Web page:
Australia v New Zealand
Halliwell Jones Stadium, Warrington
Saturday, 6am AEST
The most-anticipated Four Nations in the tournament’s three-year history kicks off this weekend with long-term rivals Australia and New Zealand going toe to toe in Warrington – yet it’s amazing how 80 minutes of football in Newcastle two weeks ago has changed the complexion of this Four Nations opener.
Australia’s 42-6 demolition of their trans-Tasman rivals has quickly nullified any bragging rights the Kiwis might be clinging to from last year’s Four Nations win, with coach Stephen Kearney forced to re-evaluate his options.
Certainly injuries appear to have hit New Zealand a lot harder than the Australians. The Kiwis are without a total of 12 players through injury and although much has been made of the quality of their crop of emerging talent they struggled to match the speed and brilliance of Australia two weeks ago. Perhaps it’s why the coach has largely stuck with the same squad.
Only two changes have been made to the side thrashed two weeks ago, with Ben Matulino replacing the suspended Russell Packer in the front row and Thomas Leuluai returning to the side for the first time since last year’s Four Nations final in place of Nathan Fien.
Leuluai will start from the bench with Issac Luke wearing the No.9 jersey. Sika Manu has also been named in the starting 13 to give the side more starch early, with Alex Glenn returning to the bench.
As usual, it will be up to New Zealand’s brilliant halves combination of Benji Marshall and Kieran Foran to spark the Kiwis into action after the pair were surprisingly quiet in Newcastle, while fullback Kevin Locke looms as a key weapon around the rucks following his impressive debut. Locke was one of the few Kiwis to impress in their Four Nations warm-up – scoring New Zealand’s only try and running for 161 metres despite Australia’s dominance.
Nevertheless, the Kangaroos are full of confidence and it is no surprise to see coach Tim Sheens stick with the same squad. The presence of their big four – Billy Slater, Darren Lockyer, Johnathan Thurston and Cameron Smith – remains a huge advantage and New Zealand will need to improve tenfold to prevent a repeat of the events in Newcastle.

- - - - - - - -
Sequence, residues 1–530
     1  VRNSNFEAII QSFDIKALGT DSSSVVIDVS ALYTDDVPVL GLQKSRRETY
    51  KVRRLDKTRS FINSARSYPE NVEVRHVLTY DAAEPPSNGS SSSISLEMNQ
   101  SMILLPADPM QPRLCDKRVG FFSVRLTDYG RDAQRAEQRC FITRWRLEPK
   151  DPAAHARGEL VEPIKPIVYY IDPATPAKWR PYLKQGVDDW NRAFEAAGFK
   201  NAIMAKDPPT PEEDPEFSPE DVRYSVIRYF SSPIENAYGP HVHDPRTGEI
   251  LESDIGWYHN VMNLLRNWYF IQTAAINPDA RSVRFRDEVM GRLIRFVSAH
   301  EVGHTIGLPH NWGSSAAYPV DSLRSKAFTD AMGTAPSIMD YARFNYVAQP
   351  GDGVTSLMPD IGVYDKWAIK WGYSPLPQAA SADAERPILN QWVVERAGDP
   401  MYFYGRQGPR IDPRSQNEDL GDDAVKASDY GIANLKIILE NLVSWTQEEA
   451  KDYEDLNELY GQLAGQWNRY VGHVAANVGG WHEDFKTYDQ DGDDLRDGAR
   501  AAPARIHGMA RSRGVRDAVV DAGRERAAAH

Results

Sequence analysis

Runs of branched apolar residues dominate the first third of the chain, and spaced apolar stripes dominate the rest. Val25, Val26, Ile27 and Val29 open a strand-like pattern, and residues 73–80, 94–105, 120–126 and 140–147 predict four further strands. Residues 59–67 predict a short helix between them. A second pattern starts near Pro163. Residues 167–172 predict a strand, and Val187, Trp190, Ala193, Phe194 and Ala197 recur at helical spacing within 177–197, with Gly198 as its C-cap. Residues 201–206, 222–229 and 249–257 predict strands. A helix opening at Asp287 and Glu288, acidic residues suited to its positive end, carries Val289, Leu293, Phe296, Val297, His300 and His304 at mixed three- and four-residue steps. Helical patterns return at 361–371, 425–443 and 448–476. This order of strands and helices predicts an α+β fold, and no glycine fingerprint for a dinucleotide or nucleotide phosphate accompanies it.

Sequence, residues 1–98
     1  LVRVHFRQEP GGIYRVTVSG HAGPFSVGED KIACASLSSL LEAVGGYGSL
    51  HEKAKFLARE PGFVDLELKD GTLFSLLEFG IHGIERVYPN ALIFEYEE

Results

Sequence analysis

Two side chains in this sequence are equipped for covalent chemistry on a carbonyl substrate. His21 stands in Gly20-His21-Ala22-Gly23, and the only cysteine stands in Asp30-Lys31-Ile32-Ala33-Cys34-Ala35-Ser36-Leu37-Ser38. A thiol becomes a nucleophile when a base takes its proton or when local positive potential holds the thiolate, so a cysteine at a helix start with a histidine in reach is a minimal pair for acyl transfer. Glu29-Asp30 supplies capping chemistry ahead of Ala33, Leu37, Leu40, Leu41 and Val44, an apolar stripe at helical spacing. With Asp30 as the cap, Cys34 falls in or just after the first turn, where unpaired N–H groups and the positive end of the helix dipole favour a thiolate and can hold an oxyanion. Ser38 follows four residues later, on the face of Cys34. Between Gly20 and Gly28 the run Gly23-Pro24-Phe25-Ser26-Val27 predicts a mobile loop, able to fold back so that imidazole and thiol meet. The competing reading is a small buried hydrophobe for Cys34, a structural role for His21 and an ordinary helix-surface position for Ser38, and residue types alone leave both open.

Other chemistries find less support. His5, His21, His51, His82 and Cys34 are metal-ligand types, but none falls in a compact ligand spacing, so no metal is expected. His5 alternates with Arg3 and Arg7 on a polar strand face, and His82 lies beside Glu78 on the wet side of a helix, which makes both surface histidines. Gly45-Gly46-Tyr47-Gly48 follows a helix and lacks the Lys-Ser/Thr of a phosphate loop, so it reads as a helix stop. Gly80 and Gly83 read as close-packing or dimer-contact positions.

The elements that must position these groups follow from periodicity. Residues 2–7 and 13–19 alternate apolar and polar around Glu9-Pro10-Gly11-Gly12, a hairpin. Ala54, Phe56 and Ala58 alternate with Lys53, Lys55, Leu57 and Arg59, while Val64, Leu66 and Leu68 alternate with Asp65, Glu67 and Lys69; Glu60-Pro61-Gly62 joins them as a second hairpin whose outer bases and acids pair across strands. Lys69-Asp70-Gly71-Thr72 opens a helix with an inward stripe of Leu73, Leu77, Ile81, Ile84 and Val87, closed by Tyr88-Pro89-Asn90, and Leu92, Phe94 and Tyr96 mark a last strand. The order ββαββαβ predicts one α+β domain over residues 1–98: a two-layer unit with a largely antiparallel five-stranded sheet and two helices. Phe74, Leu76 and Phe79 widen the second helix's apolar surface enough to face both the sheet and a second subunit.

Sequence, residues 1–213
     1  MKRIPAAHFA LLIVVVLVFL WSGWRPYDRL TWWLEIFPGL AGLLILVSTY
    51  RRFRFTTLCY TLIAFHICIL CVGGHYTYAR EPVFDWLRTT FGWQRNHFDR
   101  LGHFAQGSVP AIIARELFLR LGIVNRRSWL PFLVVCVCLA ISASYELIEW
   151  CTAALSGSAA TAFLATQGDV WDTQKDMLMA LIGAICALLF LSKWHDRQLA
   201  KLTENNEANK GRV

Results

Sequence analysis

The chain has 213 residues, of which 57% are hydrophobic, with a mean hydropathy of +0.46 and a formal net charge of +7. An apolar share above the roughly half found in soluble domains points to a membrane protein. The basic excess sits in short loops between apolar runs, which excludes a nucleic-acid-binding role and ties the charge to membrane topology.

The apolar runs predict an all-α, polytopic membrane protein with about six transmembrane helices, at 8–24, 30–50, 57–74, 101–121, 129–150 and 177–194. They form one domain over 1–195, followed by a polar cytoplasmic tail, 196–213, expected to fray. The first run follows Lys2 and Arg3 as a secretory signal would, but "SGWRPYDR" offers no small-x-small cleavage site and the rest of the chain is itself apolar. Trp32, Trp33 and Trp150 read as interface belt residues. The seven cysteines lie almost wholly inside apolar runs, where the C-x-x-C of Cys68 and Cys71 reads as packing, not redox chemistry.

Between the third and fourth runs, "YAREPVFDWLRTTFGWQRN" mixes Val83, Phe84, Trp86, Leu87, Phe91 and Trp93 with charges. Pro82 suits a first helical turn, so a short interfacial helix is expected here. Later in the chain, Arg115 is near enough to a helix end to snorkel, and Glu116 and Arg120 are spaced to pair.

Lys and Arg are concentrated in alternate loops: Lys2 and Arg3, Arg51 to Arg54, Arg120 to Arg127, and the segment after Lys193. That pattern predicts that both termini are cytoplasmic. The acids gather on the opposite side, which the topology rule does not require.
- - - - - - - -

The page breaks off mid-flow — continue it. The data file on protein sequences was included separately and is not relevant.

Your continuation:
Sheens has added three players – Greg Inglis, Beau Scott and Corey Parker – to an extended 20-man bench, although with Inglis still fighting to be fit in time it is unlikely he will be called upon.
Watch Out Kangaroos: Opportunities were scarce for the Kiwis in Newcastle but they have had plenty of success in recent years working the Australian forwards over with quick play-the-balls, relentless dummy-half scooting and utilising their speed around the rucks. Not surprisingly, the one try they scored two weeks ago came on the back of a break up the middle, a quick-play-the ball and the speed of Kevin Locke who split the defence before crossing alongside the posts.
Tellingly, New Zealand’s three leading yardage gainers in that Test were all outside backs with Locke running for 161 metres, Kalifa Faifai Loa 139 and Jason Nightingale 99.
Watch Out Kiwis: Australia destroyed the Kiwis on the right edge in Newcastle, with Darren Lockyer, Willie Tonga and Akuila Uate running riot early. Notably, the New Zealand left-side defence was caught out with embarrassing ease on at least three separate occasions and there is no doubt the Kangaroos will target that side again in Warrington. The primary offender was Warriors utility Lewis Brown, who was caught out badly by a Lockyer cut-out ball in the lead up to Australia’s first try, and twice beaten by his opposite number Willie Tonga for two more tries (including Uate’s second just a few minutes after his first). Kearney’s lack of centre options – particularly with fellow left centre Steve Matai unavailable through injury – will see Brown and Kalifa Faifai Loa again line-up on New Zealand’s left side this week.